17. 17. Nigeria is blessed with a variety of mineral resources; the major ones are: a) Coal mostly found in Enugu, Benue, Kogi and Gombe States; b) Tin mostly found in Plateau, Benue, Bauchi and Kaduna States; c) Iron Ore mostly found in Kogi and Osun States; d) Oil and Gas mostly found in Akwa Ibom, Rivers, Delta, Bayelsa, Abia and Imo States, and off-shore; e) Limestone mostly found in Sokoto, Kogi, Benue, Enugu, Cross River and Ogun States; and f) Gold mostly found in Niger, Osun, Kaduna, Ekiti and Sokoto Mineral Resources 17
  18. 18. 18 Nigeria is blessed with abundant human and material resources However, most of the environmental issues and challenges facing the country arise in the processes of exploitation and utilization of these rich resources The major environmental challenges include: • Population, Human Settlements and Environmental Health • Land Degradation • Water Resources Management • Biodiversity Depletion • Climate Change Environmental Issues and Challenges
  19. 19. 19 Population and Human Settlement  Nigeria’s population is increasing rapidly reaching an estimated 180 million in 2016  Poverty, exacerbated by high unemployment rate, manifests in low per capita income resulting to up to 60% of the population living below poverty line
  20. 20. 20 Population and Human Settlement  Population density has increased tremendously in the urban areas putting increasing pressure on the limited resources, infrastructure and amenities  Environmental pollution due to inefficient waste disposal systems Cities kg/cap/ Day Tonnage/ month Yearly Tonnage Abuja 0.281 14,684 176,213 Yenagoa 0.23 14,246 170,952 Kaduna 0.23 44,433 533,199 Kano 0.56 156,676 1,880,112 Katsina 0.32 18,452 221,424 Ilorin 0.25 34,560 414,720 Lagos 0.73 255,556 3,066,672 P/Harcourt 0.7 117,825 1,413,900 Sokoto 0.281 15,255 183,024 Aba 0.31 64,347 772,164 Onitsha 0.7 84,137 1,009,644
  21. 21. 21 Human Health Due to unplanned and increasing population and poverty, Nigeria is highly prone to a number of environment related diseases and infections including: o Malaria o CSM o Cholera o Diarrhea o Guinea-worm o River Blindness o Schistosomiasis o Tuberculosis o HIV/AIDS
  22. 22. 22 Land Degradation There are a variety of natural and human induced activities that result in land degradation. These include: o Deforestation o Drought and desertification o Erosion o Flood o Oil pollution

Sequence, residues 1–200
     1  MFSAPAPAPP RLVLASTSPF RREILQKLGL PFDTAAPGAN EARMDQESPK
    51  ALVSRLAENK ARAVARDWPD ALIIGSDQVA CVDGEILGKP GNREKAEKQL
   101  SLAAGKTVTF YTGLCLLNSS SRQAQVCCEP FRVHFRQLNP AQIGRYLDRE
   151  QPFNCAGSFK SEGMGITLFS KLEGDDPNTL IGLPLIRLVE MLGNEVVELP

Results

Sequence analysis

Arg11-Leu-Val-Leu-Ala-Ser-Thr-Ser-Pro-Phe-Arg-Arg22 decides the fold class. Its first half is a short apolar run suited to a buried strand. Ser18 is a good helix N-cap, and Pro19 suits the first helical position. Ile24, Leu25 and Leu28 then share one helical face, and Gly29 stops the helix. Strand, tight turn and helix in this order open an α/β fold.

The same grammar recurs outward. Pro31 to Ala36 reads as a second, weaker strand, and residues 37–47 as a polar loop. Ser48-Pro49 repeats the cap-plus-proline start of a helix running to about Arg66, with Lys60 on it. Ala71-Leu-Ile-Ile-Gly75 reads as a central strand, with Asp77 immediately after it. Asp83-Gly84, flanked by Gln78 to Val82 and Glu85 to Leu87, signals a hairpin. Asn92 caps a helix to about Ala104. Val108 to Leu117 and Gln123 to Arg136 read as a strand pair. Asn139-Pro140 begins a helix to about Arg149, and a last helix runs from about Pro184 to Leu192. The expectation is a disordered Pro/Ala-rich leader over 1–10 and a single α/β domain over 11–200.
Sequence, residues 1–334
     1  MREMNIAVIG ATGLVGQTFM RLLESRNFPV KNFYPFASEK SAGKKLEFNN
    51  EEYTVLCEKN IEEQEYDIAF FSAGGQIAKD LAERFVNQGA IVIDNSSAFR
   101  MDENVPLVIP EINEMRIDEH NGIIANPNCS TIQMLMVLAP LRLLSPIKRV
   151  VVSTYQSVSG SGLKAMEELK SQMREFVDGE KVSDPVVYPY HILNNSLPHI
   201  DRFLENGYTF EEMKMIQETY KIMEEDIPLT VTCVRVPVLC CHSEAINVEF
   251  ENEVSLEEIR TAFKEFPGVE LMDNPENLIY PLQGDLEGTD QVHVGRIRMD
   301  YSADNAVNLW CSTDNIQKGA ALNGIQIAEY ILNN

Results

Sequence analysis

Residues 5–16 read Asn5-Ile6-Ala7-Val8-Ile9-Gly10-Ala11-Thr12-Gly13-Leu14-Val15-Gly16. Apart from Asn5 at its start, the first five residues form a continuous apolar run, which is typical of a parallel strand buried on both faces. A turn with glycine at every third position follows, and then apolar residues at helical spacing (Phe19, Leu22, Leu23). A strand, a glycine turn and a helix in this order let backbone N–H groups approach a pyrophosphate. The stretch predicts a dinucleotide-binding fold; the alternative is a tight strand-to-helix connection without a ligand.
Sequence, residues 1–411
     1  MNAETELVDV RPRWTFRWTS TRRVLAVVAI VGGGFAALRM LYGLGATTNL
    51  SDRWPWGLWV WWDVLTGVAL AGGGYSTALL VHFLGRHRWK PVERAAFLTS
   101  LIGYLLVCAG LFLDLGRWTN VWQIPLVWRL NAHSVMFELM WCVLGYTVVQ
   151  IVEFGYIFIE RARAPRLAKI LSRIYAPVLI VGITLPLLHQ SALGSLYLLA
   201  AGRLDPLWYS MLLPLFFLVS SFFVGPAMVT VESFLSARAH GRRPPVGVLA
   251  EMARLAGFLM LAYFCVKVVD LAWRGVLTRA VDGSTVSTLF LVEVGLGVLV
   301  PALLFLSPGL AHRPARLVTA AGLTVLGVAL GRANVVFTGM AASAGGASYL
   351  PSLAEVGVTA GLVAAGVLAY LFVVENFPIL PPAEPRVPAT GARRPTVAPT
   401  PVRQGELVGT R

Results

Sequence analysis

23. 23. 23 Land Degradation: Deforestation  The need for farmland, timber, fuel wood and urbanization are the major cause of the unprecedented deforestation in Nigeria  Most of the primary forest in Nigeria has disappeared  This result in increasing the other land degradation factors such as desertification, erosion and flooding
  24. 24. 24 Land Degradation: Desertification  38% of Nigeria’s total land area  1/3 national population (53,333,311)  50% - 75% of the DFS’s threatened  260,000 km2 facing serious desertification problems  rate of desertification ≈ 0.6 km/yr  critically affected States: Borno, Yobe, Jigawa, Katsina and Sokoto, Desertification Frontline States (DFS)
  25. 25. 25 Land Degradation: Desertification… Causes of Desertification:  Deforestation: mainly due to increasing demands for agricultural lands and fuel wood.  Overgrazing: Most of the facilities in the grazing reserves have deteriorated, encroachment on reserves and livestock routes – farmers/herders conflicts  Annual Bush Fires: land clearing in preparation for agricultural activities, and trapping of games  Soils erosion: absence of vegetation exposes the land to serious water and wind erosion.  Poverty: Both a cause and a consequence of desertification  Climate Change: increasing and reoccurring drought as a result of decreasing rainfall
  26. 26. 26 Land Degradation: Erosion  About 10% of the country’s land mass is under severe erosion problems with more than 50% of the affected areas concentrated in the southeastern Nigeria  There is also wind erosion in the extreme north and coastal erosion in the extreme south.
  27. 27. 27  According to credible reports, Anambra, Abia, Imo, Enugu and Ebonyi States have over 750, 650, 500, 400 and 250 major erosion sites respectively. This gully census is conservative and incomplete since smaller and young gullies were not enumerated. These younger gullies shall ultimately mature within next year and pose as serious a hazard as older ones" – Egboka (2006) Land Degradation: Erosion…